This page supports a series of short workshops which ran during the UKRMP Postdoc Retreat in March 2016.
We looked (very briefly in half a day!) at four main themes. For each one the slides from the workshop are included (in most cases we looked at a tiny fraction of the slides and information I could have drawn from) as well as any links to key sites or resources. Thanks to all who were involved – despite needing to cover things at breakneck pace it was great fun to work with you all.
Theme 1: Facing the challenges of a postdoc career and planning to address these. This includes the write up of your discussions about the challenges you were facing, which of these you felt were YOUR responsibility and which needed the support of others to address. Your ideas about how the UKRMP could provide career enhacing opportunities are being reviewed by the hub managers.
I’ve written a couple of guides to career development for postdocs which are openly available on the Research Staff Careers section of Newcastle University’s website.
- Getting Off to the Best Start is aimed at new postdocs and has a focus on broadening your employability
- Choosing Your Next Step looks at the steps to build academic employability and is aimed as people on their second or subsequent contract
The second part of this session looked at the qualities of successful academic leaders and the challenges THEY were facing
The themes we covered are explored in more detail in the Academics section of this site. Time managment, resilience and building a Research Profile(including on social media) are common topics I cover with academics. The uncertainty that you may feel about your chance of success on the academic path are partly because of the small number of opportunities compared to the number of postdocs chasing them and partly because of imposter syndrome – make sure you aren’t discounting yourself because of a fear that you aren’t good enough. Get support and mentoring.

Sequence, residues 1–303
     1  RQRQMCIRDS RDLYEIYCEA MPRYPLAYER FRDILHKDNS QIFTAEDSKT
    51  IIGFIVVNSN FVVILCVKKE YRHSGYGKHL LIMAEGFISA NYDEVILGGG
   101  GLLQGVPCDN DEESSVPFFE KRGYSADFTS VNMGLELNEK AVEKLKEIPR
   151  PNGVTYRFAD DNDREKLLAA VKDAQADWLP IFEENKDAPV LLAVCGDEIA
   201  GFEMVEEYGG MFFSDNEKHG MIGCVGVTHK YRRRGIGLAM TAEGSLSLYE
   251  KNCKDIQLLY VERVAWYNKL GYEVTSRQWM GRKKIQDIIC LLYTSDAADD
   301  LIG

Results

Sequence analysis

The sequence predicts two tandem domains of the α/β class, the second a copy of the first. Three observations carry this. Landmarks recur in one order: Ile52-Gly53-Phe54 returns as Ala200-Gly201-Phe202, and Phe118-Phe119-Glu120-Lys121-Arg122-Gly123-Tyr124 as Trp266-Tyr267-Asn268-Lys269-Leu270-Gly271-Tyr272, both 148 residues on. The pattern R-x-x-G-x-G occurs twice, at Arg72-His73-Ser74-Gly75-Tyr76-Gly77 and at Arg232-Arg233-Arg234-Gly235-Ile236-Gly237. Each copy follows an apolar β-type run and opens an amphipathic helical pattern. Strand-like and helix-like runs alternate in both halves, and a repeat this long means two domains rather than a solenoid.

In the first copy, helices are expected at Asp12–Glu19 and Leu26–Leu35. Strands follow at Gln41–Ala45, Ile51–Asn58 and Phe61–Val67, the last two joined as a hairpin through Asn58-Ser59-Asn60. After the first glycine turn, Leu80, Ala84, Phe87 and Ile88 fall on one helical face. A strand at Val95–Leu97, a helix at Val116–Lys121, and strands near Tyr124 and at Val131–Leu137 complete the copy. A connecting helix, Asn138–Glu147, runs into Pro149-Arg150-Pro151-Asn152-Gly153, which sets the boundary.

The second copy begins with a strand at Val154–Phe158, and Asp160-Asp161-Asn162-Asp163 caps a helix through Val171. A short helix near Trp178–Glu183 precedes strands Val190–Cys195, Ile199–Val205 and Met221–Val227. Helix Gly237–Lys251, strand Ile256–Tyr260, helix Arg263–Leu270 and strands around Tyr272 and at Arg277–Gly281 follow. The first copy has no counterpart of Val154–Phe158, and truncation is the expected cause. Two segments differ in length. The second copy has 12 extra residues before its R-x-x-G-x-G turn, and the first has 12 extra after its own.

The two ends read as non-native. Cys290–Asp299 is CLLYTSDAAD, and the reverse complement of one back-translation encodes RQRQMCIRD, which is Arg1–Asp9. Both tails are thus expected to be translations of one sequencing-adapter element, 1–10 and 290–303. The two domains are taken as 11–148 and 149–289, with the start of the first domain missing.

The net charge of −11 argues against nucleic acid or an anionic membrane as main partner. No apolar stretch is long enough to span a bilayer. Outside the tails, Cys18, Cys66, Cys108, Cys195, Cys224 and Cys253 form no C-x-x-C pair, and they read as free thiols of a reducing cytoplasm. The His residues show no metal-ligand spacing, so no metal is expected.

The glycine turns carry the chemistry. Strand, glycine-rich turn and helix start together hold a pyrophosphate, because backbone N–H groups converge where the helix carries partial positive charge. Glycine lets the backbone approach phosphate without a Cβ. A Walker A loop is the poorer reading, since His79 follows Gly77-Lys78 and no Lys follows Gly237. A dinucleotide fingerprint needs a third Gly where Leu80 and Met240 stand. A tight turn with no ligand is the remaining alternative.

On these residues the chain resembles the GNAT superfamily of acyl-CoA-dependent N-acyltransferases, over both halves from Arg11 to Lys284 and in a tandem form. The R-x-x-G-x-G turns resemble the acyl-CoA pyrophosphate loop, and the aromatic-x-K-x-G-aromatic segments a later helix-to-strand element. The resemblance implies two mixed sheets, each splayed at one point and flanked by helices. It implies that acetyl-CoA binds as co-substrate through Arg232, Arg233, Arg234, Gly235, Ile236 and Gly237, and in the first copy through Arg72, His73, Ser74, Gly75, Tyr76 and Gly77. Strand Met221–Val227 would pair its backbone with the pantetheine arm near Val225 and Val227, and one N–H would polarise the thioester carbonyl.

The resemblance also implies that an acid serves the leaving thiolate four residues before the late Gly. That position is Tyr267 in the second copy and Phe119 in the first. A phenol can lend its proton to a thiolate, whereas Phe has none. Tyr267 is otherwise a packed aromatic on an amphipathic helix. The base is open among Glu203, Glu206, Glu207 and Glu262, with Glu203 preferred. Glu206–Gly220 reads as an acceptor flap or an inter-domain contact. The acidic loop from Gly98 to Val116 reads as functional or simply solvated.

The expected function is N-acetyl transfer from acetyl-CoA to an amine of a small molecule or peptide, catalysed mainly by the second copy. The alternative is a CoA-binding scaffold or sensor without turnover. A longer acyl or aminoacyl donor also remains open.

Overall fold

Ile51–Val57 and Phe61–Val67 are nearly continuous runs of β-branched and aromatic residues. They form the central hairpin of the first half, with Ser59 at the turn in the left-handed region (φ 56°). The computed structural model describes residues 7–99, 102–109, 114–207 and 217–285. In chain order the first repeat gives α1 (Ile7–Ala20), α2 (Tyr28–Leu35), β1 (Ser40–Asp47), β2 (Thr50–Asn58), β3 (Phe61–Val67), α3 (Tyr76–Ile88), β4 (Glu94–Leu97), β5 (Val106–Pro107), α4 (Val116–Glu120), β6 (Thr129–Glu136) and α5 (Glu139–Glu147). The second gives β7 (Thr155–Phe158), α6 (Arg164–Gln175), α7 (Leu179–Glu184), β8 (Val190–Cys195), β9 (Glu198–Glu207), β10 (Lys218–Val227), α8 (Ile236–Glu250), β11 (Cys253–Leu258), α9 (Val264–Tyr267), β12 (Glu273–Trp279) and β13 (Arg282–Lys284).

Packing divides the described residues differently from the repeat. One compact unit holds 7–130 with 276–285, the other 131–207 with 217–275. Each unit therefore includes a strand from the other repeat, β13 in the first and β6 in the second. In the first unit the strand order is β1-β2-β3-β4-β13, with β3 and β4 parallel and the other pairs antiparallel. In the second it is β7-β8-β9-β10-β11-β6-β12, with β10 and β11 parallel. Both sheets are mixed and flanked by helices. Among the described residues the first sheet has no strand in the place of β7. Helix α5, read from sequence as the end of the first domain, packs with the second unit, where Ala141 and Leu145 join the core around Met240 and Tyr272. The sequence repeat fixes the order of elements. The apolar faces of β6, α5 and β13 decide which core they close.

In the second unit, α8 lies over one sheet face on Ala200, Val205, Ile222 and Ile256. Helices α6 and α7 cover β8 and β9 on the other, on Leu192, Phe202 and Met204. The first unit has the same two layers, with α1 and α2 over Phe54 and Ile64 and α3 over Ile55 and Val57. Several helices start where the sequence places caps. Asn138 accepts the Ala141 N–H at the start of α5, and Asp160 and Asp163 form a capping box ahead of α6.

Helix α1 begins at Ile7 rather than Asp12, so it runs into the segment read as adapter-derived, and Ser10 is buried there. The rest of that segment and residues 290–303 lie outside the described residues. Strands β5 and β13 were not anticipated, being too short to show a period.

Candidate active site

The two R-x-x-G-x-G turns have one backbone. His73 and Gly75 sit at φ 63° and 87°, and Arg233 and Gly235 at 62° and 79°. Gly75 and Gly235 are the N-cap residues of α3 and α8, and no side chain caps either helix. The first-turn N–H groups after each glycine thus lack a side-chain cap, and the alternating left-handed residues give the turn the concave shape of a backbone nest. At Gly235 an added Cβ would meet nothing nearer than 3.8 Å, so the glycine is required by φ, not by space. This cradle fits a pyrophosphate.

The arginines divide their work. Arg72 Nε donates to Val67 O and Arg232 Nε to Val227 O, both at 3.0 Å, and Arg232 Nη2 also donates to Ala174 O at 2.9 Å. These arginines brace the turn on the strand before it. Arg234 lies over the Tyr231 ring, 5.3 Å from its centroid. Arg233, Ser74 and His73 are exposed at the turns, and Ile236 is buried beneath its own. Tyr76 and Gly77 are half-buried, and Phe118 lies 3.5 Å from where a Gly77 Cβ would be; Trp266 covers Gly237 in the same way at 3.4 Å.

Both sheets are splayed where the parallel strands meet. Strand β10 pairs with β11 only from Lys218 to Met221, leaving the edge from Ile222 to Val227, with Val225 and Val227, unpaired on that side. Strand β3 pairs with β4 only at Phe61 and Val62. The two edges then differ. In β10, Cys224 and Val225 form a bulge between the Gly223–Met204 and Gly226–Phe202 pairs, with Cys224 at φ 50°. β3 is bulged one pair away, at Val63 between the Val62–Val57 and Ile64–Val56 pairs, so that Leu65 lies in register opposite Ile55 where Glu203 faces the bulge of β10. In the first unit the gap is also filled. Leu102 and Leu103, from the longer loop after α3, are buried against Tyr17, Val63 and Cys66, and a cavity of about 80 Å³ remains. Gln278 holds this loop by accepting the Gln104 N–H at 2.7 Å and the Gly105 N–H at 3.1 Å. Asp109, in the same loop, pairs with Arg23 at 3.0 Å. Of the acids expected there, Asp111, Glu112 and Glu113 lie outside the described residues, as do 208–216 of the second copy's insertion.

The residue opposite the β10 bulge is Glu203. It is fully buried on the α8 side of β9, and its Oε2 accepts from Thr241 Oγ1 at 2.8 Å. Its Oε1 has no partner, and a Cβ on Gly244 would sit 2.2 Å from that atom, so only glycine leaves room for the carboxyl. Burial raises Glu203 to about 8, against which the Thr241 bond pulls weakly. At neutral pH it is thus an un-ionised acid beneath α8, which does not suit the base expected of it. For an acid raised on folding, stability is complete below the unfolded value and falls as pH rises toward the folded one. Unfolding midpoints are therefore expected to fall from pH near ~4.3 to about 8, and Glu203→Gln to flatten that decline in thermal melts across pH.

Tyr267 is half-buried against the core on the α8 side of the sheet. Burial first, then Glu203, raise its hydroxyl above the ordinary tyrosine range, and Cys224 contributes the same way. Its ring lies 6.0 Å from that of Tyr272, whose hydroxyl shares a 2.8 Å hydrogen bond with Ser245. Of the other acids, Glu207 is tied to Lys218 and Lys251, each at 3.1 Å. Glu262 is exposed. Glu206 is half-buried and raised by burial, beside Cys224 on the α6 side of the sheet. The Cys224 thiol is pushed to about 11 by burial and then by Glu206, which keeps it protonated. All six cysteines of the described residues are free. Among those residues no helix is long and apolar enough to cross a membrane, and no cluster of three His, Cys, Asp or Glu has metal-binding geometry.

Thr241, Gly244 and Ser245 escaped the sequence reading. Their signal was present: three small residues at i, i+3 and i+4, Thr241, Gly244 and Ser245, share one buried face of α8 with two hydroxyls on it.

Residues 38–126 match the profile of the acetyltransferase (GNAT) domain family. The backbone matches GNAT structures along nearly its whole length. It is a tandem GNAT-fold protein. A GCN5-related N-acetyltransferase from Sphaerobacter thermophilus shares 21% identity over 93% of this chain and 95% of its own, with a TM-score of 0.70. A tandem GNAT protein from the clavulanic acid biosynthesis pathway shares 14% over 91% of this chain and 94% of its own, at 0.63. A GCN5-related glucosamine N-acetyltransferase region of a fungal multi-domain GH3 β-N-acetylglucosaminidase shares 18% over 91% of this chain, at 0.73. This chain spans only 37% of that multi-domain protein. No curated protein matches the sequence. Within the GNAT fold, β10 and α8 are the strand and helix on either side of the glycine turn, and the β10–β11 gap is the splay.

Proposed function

Other good sites to help understand and apply for academic jobs:
An Academic Career (from the University of Manchester)
Pursuing an Academic Career (Vitae)
Academic success is increasingly about success in securing funding. Our pages on funding support the workshops we run at the University of Glasgow, so some links are Glasgow or Scottish focused, but there are lots of resources relevant to any researchers. The physics section also focuses on funding – don’t be put of the fact it’s a different discipline. Most of the advice from researchers, reviewers, funders and panel members is applicable across disciplines.
Theme 2: Boosting your CV for any employer This was the presentation about “oomph”
I’ve blogged about the ideas in a very similar presentation in my post on Impact, Initiative and Ideas
Theme 3: Understanding the range of opportunities open to academic researchers. Sarah Blackford, an expert in bioscience research careers has developed a PhD career choice tool which is worth looking at in the early stages of your career exploration process. You might also find the career stories and destinations of former researchers information on the Vitae website helpful for seeing the transitions made by other researchers. In the session I also mentioned the “Ten Types of Scientist” overview produced by the Science Council a few years ago. It’s aimed at students with the aim of illsutrating the diversity of science careers, but I think it is useful for getting you to start looking at scientific options in a different way.
Theme 4: Marketing academic research experience to a wide range of employers We had to really rattle through this, but you should be able to get personal support in your institution from the Careers Service. Most (admittedly not all) will support postdocs and many have dedicated advisers for researchers. USE THEM and if they can’t help you find out if your researcher development unit can bring in an expert. My suggestion would be Sarah Blackford who specialises in bioscience research career development and options.